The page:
No one is born a mage. We still know too little about genetics and the mechanisms of heredity. We devote too little time and resources to this research. Sadly, we still conduct trials in the inheritance of magic ability using, let us say, natural methods. The results of these pseudo-experiments far too often can be seen in the gutters of our cities and begging outside our temple walls. Far too often we see and encounter brain-dead and moronic women, women covered in their own spittle and passing themselves off as prophetesses, seers, village diviners and miracle workers — cretins with brains degenerated by the uncontrolled Power they inherited.
These simpletons and fools can themselves breed, can pass on their "abilities" and continue the degeneration. Is anyone capable of foreseeing or defining what the last link in such a chain will look like?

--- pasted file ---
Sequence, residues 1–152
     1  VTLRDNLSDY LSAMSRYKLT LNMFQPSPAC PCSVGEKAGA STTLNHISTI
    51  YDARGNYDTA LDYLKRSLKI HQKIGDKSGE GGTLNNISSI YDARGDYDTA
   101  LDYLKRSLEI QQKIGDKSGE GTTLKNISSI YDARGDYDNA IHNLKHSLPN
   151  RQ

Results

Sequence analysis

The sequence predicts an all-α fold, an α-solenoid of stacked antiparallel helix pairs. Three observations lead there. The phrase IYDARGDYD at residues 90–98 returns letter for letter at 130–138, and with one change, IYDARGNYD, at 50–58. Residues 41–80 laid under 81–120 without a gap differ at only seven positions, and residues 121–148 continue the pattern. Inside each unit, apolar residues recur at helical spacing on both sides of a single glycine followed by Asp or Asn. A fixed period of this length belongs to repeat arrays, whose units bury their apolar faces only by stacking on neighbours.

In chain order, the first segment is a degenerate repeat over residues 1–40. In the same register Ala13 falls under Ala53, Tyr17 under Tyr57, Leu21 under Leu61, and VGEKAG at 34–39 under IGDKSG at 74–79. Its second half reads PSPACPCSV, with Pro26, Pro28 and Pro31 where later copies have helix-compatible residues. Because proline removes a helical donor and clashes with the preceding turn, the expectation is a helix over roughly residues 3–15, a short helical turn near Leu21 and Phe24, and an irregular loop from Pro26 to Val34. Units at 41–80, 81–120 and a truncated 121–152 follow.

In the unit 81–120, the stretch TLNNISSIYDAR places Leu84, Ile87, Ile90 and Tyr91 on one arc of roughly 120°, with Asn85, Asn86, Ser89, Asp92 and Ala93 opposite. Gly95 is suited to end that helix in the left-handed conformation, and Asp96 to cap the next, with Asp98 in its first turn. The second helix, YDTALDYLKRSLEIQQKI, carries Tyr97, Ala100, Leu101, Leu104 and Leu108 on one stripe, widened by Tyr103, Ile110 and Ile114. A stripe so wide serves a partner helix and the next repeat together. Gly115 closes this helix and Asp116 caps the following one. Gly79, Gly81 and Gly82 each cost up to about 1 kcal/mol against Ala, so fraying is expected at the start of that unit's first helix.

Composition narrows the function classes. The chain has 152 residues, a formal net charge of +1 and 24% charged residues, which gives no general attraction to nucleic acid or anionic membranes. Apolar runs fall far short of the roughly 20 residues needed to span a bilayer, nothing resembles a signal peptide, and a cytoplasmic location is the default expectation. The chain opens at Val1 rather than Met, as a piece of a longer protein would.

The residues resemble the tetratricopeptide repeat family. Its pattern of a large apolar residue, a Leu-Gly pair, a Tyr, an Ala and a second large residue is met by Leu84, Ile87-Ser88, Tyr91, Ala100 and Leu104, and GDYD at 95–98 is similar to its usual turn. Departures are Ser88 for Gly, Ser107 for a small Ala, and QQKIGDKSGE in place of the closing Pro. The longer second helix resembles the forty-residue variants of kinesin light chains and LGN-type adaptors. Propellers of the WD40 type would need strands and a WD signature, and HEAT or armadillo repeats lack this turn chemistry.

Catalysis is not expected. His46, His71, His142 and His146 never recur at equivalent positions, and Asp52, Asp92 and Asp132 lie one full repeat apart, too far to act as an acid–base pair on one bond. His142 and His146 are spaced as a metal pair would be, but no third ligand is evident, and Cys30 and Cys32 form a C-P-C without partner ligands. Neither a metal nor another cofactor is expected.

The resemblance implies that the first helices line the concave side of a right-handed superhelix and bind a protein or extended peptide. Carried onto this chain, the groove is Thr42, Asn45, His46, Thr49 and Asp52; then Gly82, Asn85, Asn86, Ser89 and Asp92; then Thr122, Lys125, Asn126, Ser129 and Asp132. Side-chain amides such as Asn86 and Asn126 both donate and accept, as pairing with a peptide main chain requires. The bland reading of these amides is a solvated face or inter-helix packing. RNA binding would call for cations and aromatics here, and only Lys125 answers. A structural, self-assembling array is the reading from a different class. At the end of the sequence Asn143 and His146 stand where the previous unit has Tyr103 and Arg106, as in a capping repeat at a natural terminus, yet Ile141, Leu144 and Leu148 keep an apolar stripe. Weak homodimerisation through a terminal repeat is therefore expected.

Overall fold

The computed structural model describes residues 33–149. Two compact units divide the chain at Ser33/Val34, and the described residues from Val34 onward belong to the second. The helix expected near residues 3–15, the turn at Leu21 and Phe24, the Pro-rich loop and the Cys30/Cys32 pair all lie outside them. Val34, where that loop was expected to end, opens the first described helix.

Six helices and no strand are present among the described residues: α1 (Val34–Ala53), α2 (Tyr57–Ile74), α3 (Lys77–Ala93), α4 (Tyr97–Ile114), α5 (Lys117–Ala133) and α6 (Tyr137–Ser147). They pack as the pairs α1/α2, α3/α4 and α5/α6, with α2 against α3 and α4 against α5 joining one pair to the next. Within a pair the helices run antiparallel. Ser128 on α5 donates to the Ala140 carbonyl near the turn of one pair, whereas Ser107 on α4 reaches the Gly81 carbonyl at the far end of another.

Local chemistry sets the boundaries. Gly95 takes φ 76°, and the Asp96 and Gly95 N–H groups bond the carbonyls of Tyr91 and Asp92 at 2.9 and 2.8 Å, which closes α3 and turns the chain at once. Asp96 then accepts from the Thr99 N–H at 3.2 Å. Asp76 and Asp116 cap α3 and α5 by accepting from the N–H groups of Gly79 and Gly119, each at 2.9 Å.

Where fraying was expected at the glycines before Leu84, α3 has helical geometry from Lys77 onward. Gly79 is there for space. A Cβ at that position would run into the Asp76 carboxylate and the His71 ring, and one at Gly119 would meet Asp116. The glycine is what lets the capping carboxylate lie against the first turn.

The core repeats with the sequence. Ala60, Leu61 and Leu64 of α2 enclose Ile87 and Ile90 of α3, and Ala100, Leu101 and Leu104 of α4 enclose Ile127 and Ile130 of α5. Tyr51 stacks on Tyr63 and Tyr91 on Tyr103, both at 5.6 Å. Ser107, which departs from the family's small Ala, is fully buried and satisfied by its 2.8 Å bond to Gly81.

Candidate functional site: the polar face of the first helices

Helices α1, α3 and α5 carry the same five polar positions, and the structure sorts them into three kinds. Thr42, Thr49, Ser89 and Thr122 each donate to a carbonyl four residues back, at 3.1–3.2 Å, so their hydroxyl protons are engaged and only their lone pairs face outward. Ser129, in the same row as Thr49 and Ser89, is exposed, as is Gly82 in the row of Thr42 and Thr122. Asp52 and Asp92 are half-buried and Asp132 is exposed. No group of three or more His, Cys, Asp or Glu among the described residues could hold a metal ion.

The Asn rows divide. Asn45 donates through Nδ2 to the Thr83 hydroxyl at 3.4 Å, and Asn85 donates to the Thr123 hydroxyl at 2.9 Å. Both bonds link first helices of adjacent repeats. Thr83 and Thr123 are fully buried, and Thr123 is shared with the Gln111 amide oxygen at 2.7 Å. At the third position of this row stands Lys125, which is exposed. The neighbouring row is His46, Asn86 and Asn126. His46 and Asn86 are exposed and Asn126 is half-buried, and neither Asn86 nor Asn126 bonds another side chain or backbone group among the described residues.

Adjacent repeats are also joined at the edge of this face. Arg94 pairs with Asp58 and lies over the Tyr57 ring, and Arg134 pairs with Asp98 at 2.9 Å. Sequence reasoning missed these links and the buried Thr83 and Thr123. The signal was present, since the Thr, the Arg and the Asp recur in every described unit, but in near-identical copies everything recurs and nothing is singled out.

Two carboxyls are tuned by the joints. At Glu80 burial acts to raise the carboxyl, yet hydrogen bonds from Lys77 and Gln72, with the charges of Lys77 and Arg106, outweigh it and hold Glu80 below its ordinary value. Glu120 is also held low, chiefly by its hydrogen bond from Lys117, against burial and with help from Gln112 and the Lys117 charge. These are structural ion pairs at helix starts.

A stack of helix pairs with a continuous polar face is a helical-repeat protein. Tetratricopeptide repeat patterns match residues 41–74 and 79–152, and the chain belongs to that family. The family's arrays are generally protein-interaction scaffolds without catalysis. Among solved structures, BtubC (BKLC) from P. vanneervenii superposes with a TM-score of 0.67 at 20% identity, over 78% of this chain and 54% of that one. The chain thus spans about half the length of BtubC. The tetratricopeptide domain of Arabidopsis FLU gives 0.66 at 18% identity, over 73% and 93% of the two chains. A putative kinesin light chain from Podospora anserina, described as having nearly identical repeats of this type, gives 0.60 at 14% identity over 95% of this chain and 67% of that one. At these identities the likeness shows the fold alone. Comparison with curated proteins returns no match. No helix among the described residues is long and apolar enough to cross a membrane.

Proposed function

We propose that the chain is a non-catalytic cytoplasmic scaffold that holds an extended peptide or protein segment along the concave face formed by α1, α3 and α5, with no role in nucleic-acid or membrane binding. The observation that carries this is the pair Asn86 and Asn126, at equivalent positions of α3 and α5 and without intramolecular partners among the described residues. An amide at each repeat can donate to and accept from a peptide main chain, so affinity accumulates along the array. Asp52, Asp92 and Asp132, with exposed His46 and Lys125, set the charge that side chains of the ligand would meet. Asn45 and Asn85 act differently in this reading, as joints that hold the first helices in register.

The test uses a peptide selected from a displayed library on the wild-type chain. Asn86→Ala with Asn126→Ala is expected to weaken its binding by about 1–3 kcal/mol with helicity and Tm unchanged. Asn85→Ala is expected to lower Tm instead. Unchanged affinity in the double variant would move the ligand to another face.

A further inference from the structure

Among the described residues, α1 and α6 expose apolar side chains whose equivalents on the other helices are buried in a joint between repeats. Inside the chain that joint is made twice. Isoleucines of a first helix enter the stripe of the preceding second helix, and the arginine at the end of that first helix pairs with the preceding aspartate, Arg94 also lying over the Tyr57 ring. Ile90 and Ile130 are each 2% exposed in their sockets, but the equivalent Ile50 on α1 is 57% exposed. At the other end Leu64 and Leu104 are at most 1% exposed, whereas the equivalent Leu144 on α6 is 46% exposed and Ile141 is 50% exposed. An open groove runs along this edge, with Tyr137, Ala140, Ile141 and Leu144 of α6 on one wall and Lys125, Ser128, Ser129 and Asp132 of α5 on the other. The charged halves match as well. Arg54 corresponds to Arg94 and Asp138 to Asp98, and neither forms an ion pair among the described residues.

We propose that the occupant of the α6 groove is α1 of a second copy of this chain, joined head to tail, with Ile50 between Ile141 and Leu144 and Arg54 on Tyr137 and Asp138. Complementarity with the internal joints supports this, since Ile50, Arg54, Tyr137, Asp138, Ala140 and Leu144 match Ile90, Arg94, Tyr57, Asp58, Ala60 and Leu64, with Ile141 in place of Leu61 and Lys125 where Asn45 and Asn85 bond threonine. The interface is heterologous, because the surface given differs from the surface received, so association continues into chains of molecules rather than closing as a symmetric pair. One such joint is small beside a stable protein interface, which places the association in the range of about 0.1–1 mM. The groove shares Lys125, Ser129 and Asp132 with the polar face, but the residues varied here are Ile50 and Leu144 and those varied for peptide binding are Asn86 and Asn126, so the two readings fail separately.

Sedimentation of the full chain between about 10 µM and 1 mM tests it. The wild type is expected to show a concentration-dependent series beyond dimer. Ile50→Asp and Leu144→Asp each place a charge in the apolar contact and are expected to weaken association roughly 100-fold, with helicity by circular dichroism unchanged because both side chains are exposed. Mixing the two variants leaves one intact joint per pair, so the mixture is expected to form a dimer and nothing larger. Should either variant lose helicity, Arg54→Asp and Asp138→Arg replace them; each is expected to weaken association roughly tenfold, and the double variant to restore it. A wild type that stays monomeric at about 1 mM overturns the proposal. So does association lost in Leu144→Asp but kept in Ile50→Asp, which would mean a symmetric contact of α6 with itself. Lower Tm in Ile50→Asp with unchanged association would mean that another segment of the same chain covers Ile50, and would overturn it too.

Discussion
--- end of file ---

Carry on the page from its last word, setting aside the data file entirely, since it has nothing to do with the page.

Most of us mages lose the ability to procreate as a result of changes and disruptions to the functioning of our pituitary glands. Others — sorceresses, most often — mature into their magic powers with gonads intact. They can conceive and give birth — and have the audacity to consider that good fortune, a blessing. Yet I repeat: no one is born a mage. And no one should be! Aware of the gravity of what I write, I provide an answer to the question posed at the Summit in Cidaris. I answer with every certitude: each of us must decide what she wants to be — a sorceress or a mother.